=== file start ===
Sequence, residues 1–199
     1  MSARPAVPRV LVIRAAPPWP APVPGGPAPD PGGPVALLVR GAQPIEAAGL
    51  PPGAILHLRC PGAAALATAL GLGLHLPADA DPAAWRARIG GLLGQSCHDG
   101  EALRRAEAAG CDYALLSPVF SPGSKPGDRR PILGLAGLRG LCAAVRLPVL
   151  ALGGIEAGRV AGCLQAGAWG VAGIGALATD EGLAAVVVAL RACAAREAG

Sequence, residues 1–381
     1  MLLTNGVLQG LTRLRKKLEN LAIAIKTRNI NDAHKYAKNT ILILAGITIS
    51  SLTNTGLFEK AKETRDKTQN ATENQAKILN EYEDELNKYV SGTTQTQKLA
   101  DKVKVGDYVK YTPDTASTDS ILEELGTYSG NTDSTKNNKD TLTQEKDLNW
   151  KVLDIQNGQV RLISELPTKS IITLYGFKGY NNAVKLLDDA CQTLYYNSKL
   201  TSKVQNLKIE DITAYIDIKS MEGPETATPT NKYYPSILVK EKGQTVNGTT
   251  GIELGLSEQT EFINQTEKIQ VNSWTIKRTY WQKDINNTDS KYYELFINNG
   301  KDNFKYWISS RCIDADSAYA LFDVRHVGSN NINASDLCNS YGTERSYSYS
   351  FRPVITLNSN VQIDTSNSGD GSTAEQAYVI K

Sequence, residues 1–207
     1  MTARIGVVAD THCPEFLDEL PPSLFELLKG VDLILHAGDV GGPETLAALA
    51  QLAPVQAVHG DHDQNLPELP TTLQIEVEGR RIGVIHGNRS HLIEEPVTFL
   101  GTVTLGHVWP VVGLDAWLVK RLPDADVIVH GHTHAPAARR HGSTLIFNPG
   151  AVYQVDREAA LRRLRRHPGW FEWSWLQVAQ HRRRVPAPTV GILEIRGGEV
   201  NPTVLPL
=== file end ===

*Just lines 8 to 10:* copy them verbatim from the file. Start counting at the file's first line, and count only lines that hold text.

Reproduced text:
    51  SLTNTGLFEK AKETRDKTQN ATENQAKILN EYEDELNKYV SGTTQTQKLA
   101  DKVKVGDYVK YTPDTASTDS ILEELGTYSG NTDSTKNNKD TLTQEKDLNW
   151  KVLDIQNGQV RLISELPTKS IITLYGFKGY NNAVKLLDDA CQTLYYNSKL